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Sinkhole may Cancel 2008 Show Print E-mail
Monday, 18 August 2008

Being a homeowner in FL means dealing with many perils.  Everyone knows about the damage a hurricane can do to a home.  Unfortunately my damage is coming from under ground - about 60 feet down.  It's name:  the sinkhole.

Repairing the sinkhole means a lot of work needs to be done to my home and much of this work will be outside using heavy machinery.  I was hoping that the work would be completed long before the decorating season.  However, right now it's not looking good. 

If the work can't be completed in time there likely won't be a show this year.  Since decorating is my year round hobby, words can't express how disappointed I am.

In late January/early February I began to notice large cracks on the house.  These weren't your normal settlement cracks, these were large and many were vertical - the first signs of a sinkhole.

(FYI:  Some of the information I give here is based on my personal observations of my home and the process to this point.  Since I'm not a geologist or engineer, my conclusions or observations may or may not be correct.)

You may not be familiar with what a sinkhole is.  First, we need a little bit of geology:  Most of Florida is nothing but a sand-bar that sits atop a layer of clay that is atop a limestone 'cap'.  In some areas, the limestone is a couple hundred feet below the ground.  In others (like mine), the limestone can be much closer to the surface.

The sand in FL is naturally on the acidic side (due to decaying plant material), and pollution adds to the acidity when it rains.  The rainwater percolates through the sand and clay until it reaches the limestone.  There, it begins to eat away at the underlying rock until it can no longer support the weight above and it collapses.  For more information, take a look at the FL Department of Environmental Protection site.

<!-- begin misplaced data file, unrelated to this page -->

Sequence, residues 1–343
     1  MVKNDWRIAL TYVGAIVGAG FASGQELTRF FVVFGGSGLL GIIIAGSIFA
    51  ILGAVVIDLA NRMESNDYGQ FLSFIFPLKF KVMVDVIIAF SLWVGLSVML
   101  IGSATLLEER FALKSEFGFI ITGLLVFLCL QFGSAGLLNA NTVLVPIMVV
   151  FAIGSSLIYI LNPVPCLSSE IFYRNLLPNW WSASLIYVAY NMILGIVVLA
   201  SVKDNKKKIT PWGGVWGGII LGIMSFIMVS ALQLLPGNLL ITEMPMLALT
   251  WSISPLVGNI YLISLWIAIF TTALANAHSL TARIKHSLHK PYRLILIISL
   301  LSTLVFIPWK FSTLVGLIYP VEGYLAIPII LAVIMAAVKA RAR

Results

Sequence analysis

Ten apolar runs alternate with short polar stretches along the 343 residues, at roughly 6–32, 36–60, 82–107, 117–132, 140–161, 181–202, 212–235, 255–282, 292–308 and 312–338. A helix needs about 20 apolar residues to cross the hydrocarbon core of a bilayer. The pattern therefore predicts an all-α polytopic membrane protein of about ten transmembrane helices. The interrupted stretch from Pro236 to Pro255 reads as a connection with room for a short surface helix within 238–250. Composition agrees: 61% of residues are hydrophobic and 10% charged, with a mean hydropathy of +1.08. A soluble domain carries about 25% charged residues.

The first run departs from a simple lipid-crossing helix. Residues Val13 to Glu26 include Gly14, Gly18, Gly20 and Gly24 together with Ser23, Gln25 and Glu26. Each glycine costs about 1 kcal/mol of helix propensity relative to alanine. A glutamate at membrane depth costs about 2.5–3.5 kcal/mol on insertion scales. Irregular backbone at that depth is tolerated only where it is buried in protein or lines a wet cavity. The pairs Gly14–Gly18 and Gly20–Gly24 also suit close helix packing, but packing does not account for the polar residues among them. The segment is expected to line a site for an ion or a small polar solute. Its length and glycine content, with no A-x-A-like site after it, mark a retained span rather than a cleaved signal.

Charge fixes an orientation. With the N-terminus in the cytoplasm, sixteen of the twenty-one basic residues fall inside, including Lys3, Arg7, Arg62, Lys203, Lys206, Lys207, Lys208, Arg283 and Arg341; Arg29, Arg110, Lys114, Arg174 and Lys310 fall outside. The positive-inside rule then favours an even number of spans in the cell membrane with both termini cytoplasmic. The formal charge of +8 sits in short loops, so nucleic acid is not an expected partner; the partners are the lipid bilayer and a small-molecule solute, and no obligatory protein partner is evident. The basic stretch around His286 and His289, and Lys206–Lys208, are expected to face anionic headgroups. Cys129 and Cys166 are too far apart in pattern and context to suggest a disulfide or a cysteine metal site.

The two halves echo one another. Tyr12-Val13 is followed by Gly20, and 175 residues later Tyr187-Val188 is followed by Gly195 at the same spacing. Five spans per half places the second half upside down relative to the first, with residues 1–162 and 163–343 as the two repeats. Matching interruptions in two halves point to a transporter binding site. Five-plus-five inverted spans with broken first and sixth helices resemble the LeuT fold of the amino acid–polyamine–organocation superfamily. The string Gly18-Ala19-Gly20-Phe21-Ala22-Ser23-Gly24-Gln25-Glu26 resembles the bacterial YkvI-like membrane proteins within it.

So in February, my journey into making a homeowners claim began.  At the onset, the insurance company as well as others who have dealt with a sinkhole warned me that it would be a long and time consuming practice.  And it has! 

It took nearly 6 months for a team of geologists to determine that I did in fact have a sink hole.  The geologists drilled 5 separate test holes (some to a depth of over 70 feet), scanned my entire 1 acre property with ground penetrating radar, drilled for samples inside my home, and did 3 separate floor level studies (to see if my slab is cracking I suppose).

In July, the restoration experts came out to give a preliminary estimate.  These are the guys who are responsible for fixing my walls, driveway, patio, etc.  They in turn called out a structural engineering company to see what needs to be done to physically make the house safe.

Today (mid August) the insurance company let me know that 3 grouting contractors need to come out and give them more estimates.  In case you didn't know, 'grouting' is the repair to the actual sinkhole.  Typically the grout is a hydraulic concrete, and it's pumped under pressure.  The contractor drills holes down to the level where the sinkhole is and then pumps this concrete into them.  Once the hole fills up, the sinkhole is full.  I've read that some sinkholes have taken close to 900 cubic yards of grout!  That's a cube with sides 30 feet long, or basically enough to completely fill 2 normal houses from floor to ceiling.

The insurance also let me know that the engineering report as well as the initial estimate for repairs would take another 2 or 3 weeks before they are complete.

So, that puts me into September before I'll even have all the reports at my disposal.  At that point I need to determine if the estimates are good, or if I need to have a public adjuster take a look at them.  Once the insurance company and I agree, then the scheduling of work can begin. 

I typically need to start putting up the show in mid October (things like security lights, cameras and other 'infrastructure' type things), so you can see this would be cutting it close.

As I get more information, I'll post it here.  If I do have to cancel the show this year, you have my apologies. 

 
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